DCSIMG

Bill Jamieson: SNP should beware corporate lions

Rupert Soames, CEO, Aggreko

Rupert Soames, CEO, Aggreko

Some business people are afraid to speak out over independence, but that silence will not last, writes Bill Jamieson

WHEN Rupert Soames, chief executive of Aggreko, one of Scotland’s largest companies, asserted this week that Scottish business figures were unwilling to speak out against independence for fear of the SNP pouring “rains of bile and ire” on them, he was right on the money. He has done the independence debate a huge favour by speaking out as he has. Many in the business world will be reluctant to follow through for exactly the reasons that Soames has bluntly set out. They will prefer to stay silent – for now.

This is not just about whether “business” is for or against independence – important though the business view is on the issue.

The real and greater danger is that many of the fair and legitimate questions that need to be addressed about independence and its consequences are being choked back because business people are fearful that even raising them publicly for discussion would be seen as hostile or partisan.

Over the past several months I have attended many meetings and seminars with businesses large and small over the problems they are facing in the most difficult trading environment for a generation. It is not long before the independence issue comes up for discussion. As many of these meetings were private or held on a “Chatham House” basis, I am constrained from mentioning the names of the individuals and their companies. But four themes were common to almost all of these discussions. I will summarise them thus:

The first was a broad neutrality or support for independence. This view is very much in the minority. A variant of this is that such have been the major concessions made – on staying with sterling and the Bank of England – the result will be “Devo Max” in all but name, so why go through the constitutional trauma of “independence”?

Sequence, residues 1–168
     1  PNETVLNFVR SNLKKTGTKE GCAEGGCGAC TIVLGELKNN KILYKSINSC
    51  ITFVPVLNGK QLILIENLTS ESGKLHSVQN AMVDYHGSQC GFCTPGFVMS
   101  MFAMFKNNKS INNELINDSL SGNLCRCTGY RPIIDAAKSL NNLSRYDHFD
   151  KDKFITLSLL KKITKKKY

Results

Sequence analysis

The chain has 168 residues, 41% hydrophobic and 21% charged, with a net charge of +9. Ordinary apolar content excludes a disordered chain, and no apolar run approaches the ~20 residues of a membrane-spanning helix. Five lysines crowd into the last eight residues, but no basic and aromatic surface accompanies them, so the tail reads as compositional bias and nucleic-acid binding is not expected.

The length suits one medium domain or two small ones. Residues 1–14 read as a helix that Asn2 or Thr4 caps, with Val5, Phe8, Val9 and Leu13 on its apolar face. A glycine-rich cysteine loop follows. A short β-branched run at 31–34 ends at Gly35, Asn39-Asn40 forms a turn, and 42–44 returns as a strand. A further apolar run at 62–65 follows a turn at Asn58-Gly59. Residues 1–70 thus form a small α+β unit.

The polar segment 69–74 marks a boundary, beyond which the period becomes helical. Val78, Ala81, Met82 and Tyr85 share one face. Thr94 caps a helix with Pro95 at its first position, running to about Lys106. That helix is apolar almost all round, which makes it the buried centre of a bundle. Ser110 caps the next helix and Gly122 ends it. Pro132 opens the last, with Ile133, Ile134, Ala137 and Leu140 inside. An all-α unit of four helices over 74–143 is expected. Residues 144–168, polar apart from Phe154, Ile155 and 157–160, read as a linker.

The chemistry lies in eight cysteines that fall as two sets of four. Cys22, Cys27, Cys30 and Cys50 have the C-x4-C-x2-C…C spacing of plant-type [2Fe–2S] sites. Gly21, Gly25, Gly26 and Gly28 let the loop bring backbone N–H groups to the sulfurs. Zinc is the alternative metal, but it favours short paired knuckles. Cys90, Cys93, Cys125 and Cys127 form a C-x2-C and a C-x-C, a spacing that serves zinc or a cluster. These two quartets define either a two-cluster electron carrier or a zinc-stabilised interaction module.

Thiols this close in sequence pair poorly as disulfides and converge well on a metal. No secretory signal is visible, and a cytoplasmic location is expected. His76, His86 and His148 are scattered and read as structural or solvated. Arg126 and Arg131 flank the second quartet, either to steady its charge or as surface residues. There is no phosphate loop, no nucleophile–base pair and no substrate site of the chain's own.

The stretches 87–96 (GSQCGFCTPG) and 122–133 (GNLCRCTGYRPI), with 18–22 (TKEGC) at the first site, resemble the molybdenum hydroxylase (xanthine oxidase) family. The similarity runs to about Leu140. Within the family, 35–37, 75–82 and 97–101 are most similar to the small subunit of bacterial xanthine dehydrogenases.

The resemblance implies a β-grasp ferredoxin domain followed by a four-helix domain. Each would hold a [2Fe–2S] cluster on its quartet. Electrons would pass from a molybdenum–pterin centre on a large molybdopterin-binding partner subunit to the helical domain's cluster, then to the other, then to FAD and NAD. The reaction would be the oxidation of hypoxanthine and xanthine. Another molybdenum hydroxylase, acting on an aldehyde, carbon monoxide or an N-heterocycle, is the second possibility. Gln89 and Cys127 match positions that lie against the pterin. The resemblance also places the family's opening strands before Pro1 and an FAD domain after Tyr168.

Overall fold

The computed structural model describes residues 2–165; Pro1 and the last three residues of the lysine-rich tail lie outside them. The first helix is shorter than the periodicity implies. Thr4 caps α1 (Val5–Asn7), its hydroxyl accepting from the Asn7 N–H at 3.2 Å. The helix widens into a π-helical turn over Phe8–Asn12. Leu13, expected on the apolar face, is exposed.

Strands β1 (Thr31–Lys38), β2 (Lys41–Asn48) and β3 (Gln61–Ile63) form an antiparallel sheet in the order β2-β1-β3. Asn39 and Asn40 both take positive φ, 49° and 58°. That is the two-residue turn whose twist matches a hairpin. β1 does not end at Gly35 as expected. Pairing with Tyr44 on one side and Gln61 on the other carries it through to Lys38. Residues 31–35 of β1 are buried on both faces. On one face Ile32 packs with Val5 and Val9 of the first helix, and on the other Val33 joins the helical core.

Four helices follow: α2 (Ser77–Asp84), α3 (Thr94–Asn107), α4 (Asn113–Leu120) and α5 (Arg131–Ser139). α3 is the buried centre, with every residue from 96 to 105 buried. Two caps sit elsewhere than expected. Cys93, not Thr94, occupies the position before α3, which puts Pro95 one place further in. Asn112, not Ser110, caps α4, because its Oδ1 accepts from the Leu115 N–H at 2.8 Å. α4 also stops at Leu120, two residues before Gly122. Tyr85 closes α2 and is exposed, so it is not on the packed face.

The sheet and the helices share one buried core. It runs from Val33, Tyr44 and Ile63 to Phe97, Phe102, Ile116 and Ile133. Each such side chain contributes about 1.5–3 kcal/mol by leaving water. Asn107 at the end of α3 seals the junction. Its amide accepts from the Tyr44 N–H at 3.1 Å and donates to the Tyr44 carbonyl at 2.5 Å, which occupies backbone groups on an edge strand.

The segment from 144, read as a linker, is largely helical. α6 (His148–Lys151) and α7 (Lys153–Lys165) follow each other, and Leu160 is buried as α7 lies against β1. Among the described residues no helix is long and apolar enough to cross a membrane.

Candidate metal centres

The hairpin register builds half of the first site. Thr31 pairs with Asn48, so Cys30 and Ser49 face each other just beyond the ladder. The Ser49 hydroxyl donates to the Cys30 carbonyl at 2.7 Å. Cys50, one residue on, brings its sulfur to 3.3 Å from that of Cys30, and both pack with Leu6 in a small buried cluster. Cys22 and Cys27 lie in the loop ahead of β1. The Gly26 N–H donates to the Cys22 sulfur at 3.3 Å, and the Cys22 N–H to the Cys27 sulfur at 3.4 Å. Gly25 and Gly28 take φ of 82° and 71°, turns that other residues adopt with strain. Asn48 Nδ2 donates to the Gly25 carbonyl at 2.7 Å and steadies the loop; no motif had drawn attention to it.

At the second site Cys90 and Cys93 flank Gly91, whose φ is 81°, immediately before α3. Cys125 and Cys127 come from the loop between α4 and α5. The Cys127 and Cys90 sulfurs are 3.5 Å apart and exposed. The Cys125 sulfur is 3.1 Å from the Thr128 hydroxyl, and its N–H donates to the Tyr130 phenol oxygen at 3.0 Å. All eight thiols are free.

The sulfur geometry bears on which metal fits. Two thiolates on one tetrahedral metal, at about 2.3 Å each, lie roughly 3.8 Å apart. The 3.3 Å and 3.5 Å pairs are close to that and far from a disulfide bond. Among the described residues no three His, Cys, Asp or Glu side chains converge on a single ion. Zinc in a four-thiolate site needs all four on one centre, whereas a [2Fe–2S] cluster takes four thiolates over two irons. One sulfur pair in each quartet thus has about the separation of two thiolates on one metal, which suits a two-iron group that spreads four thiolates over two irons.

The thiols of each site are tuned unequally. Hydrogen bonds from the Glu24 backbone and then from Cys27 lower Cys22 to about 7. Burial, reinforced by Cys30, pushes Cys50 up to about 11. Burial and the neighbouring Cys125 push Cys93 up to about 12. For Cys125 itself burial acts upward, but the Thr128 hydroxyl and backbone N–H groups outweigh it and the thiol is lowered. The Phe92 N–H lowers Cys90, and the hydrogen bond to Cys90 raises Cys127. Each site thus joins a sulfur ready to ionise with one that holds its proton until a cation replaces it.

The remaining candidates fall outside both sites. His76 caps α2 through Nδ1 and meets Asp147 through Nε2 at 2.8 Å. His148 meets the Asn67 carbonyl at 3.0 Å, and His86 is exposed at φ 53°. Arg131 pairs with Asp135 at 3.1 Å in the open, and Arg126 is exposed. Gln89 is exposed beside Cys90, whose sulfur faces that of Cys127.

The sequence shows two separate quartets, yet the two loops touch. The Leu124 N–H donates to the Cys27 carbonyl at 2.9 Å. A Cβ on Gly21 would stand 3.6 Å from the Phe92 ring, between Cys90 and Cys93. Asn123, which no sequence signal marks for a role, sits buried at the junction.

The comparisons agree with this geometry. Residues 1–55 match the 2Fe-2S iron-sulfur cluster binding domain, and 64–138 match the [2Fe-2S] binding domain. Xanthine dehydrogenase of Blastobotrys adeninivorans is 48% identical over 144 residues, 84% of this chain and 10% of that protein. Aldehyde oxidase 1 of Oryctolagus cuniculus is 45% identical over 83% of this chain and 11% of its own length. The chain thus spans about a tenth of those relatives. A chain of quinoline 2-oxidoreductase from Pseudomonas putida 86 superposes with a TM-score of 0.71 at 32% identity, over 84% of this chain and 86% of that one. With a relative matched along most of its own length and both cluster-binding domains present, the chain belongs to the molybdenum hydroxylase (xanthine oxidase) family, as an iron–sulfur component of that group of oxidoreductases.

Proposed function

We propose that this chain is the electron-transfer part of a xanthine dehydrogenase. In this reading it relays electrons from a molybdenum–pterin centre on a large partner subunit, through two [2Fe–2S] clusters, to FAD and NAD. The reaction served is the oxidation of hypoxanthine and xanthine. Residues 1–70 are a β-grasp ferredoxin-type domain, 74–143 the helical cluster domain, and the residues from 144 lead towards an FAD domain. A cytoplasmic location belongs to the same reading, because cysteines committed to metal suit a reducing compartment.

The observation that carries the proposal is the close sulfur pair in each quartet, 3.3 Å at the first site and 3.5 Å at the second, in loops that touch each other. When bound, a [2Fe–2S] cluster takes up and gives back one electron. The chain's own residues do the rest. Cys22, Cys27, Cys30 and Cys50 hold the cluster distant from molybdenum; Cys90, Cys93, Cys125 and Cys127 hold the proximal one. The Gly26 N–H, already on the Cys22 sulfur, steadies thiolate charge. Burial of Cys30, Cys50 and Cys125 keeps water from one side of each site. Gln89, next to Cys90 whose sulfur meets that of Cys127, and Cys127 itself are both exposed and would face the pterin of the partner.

The second was reluctance, particularly among organisations with a large consumer base, to state a position that might offend customers. Such businesses are necessarily circumspect in their public utterances.

The third response was exactly as Rupert Soames has described: a genuine reluctance of business people to put their heads above the parapet for fear of having them shot off by the independence attack dogs – not necessarily of the formal SNP machinery but the wider group of supporters. Two specific concerns are the virulent vocabulary of denunciation and the potential loss of government business if companies were seen to be “off message”. This perception of loss may be misguided, but the fears are real.

The fourth was a widespread – and growing – apprehension over the lack of information on the arrangements for, and consequences of, independence.

Many will now await the Scottish Government’s white paper late next year for the answers to the questions they wish to put. Until then, why go into the ring for shadow boxing, particularly if the punches turn out to be real?

However, from a business perspective, this more measured response carries risks. For every question “answered” in the white paper, there is the likelihood of five more popping up. The long waiting time for information adds to a climate of uncertainty that can only encourage delay or deferment of decisions on investment and expansion. And it truncates the period for discussion of the hard practicalities and outcomes down to less than a year – and this in a highly charged political atmosphere. Good for business in Scotland? I think not.